Mohammed Dahlan AP
Palestinian Fatah leader Mohammed Dahlan gestures as he speaks during an interview with The Associated Press in his office in the West Bank city of Ramallah, Jan. 3, 2011. Photo by AP
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In an unusual turn of events, two senior Palestinian Authority officials testified in an Israeli military court in the territories recently, on behalf of another Palestinian security officer accused of terror offenses. Tawfiq Tirawi, the former head of the Palestinian General Intelligence Service, and Mohammed Dahlan, also a senior intelligence official, appeared as witnesses for the defense in the case of the Palestinian who was arrested by Israel. Dahlan and Tirawi claimed that the arrest was a violation of an Israeli commitment given by former Shin Bet security service head Yuval Diskin not to capture the wanted man.

The judges said they believed the two and accepted their explanation, but in the end the court ruled last week not to dismiss the indictment because of the seriousness of the offenses attributed to the defendant, and because the agreement was never signed.

Jamal Hajaj, who served as an officer in the General Intelligence Service in the West Bank, was accused of a string of terror offenses including involvement in dispatching a suicide bomber who murdered three Israelis. Hajaj was arrested in May 2007, a few months after his name was included in an agreement between Israel and the Palestinian Authority over wanted men. It seems Hajaj was arrested by chance, when he was rounded up in an operation to arrest other wanted men.

His trial is being conducted in the Shomron Military Court at the Salem Checkpoint on the Green Line. His lawyer suggested Israel had violated an existing "administrative commitment" not to arrest Hajaj. His lawyer petitioned the court to dismiss the charges and free him.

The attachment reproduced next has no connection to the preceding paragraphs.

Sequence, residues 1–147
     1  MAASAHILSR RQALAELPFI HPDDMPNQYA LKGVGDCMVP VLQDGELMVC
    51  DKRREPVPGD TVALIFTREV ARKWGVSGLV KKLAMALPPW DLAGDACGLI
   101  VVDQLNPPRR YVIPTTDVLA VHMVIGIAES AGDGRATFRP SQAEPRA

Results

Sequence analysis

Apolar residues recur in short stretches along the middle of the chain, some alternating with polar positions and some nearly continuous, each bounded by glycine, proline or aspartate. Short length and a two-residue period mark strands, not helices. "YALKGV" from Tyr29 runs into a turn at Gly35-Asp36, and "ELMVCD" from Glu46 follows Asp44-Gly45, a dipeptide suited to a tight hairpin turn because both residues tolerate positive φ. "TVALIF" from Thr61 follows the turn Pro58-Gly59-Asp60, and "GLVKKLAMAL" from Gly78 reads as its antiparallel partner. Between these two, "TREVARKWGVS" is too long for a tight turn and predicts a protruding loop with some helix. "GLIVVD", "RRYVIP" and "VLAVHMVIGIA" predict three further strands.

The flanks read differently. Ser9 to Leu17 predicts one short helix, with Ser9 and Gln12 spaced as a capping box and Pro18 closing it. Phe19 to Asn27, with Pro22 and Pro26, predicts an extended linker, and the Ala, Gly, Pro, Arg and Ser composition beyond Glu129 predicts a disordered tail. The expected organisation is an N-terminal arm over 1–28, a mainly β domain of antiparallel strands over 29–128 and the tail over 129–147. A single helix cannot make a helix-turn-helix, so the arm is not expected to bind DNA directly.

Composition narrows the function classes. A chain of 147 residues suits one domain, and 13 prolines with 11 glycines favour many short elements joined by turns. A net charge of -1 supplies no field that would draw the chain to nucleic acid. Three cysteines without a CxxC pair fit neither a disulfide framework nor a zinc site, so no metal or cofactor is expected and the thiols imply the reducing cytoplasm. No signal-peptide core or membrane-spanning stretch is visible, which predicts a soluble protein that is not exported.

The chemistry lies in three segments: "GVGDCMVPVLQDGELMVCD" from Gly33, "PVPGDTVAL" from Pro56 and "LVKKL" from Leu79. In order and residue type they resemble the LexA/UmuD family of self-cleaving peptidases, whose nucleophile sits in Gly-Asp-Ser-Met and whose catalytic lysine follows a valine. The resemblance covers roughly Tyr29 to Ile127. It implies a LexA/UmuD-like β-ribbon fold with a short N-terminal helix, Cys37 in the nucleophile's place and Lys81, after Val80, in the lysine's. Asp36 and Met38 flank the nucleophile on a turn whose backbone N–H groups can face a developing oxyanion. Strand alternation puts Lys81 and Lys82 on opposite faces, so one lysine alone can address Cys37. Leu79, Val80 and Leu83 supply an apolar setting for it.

Dahlan served as the head of Preventive Security in Gaza and was later the Palestinian minister in charge of security negotiations with Israel. Both Dahlan and Tirawi were members of the Fatah central committee, though Dahlan was ousted recently after a serious conflict with Palestinian President Mahmoud Abbas.

Dahlan testified about the agreement between Israel and the PA, on non-prosecution of the wanted men, which included Hajaj. Dahlan said the agreement was a form of pardon by Israel. He explained that without such a pardon and freedom from arrest, the agreement would not have been possible and Hajaj was one of the central figures included in the deal - but Dahlan admitted the agreement was never written down and signed. Another man included in the agreement, Jihad Misimi, was arrested and later released, he said.

Tirawi told of a meeting he held with Diskin and with R., the Shin Bet's director for the West Bank. He said Diskin had agreed Hajaj would not be arrested if he stayed near home and did not approach a checkpoint. Tirawi testified that he called R. after Hajaj's arrest and was told it was a mistake, but when Tirawi asked R. if he would release Hajaj, R. said he was unable to do so.

The military prosecution raised a number of claims, including that Hajaj had violated the agreement. In addition, the prosecution said Diskin was not authorized to offer such pardons, and that only the Justice Ministry could do so.

In the end, the court ruled that due to the lack of a written agreement the criminal prosecution must continue, especially in light of the seriousness of the charges, which include murder and terror attacks.